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Understanding a function declaration.

P: n/a
Hello all.
I recently came across a function declaration as :
char(*(*x())[ ])();
This was not in some code but it was in a C questions thread on some
group.
I tried to decipher what it returns but couldn't make complete sense
out of it. Can someone please explain what this function is supposed
to return and expand it step by step.

Thanks,
Harsha
Jun 27 '08 #1
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13 Replies


P: n/a
Sri Harsha Dandibhotla <ha********@gmail.comwrites:
>Hello all.
I recently came across a function declaration as :
char(*(*x())[ ])();
This was not in some code but it was in a C questions thread on some
group.
I tried to decipher what it returns but couldn't make complete sense
out of it. Can someone please explain what this function is supposed
to return and expand it step by step.

Hello Harsha,

You may like to seek out a helpful tool named 'cdecl',
which is available as C source and, thus, runs on a variety of platforms.

For your example it gives the answer:

SHELL$ cdecl
Type `help' or `?' for help
cdecl explain char(*(*x())[ ])()
declare x as function returning pointer to array of pointer to function returning char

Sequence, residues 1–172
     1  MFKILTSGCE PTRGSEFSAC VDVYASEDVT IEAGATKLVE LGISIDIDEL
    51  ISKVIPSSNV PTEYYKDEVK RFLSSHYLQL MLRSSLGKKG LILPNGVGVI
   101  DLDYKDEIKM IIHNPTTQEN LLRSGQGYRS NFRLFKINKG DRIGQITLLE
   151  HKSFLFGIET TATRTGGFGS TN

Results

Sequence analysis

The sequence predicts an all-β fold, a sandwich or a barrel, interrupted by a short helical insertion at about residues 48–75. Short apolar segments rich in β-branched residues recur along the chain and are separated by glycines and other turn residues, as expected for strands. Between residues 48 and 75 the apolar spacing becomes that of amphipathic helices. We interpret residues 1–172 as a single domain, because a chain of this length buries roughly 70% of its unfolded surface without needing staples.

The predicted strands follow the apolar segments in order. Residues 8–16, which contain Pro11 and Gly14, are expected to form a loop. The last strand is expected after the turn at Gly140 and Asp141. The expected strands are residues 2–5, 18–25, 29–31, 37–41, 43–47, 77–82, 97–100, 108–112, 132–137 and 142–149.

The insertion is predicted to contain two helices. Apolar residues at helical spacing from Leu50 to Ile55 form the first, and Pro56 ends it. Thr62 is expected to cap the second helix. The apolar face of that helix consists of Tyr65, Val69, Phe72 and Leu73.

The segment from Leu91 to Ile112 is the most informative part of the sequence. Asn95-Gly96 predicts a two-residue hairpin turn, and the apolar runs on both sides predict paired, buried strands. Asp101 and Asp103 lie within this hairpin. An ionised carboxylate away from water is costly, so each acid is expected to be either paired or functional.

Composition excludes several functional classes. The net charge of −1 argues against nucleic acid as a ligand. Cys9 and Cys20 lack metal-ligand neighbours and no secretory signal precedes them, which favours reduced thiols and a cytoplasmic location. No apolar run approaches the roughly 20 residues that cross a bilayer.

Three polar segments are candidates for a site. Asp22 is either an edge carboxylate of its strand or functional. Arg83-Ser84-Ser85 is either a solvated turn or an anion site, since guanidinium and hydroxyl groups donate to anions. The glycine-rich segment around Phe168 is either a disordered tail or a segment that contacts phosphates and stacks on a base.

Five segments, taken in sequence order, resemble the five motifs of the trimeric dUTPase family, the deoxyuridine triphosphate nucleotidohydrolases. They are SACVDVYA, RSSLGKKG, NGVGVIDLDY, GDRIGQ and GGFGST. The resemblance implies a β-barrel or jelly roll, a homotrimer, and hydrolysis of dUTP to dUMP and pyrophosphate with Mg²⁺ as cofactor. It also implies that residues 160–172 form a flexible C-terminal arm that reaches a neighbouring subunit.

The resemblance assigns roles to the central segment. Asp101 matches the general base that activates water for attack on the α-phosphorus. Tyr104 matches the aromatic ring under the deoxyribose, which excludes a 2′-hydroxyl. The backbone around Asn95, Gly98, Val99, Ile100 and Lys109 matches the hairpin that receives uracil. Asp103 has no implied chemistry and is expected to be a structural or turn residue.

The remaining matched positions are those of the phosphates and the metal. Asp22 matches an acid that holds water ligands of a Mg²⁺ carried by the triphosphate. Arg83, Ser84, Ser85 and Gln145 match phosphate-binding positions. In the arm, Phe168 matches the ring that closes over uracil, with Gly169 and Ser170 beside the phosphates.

--
Chris.

Jun 27 '08 #2

P: n/a
Sri Harsha Dandibhotla said:
Hello all.
I recently came across a function declaration as :
char(*(*x())[ ])();
This was not in some code but it was in a C questions thread on some
group.
I tried to decipher what it returns but couldn't make complete sense
out of it. Can someone please explain what this function is supposed
to return and expand it step by step.
Start with x, the identifier.

Look immediately right. Is it a [ ? No.

Is it a (? Yes: x( Keep reading until you hit the closing parenthesis.

char(*(* )[ ])()
x()
"x is a function returning"

Now read left. Is it a ( ? No.

Is it a *, const, or volatile? If so, keep reading left till it isn't:

char(*( )[ ])()
*x()

"x is a function returning a pointer to"

Is the next thing on the left a (? Yes, and this is a grouping thing, so we
can just balance out parentheses, without adding anything:

char(* [ ])()
(*x())

"x is a function returning a pointer to"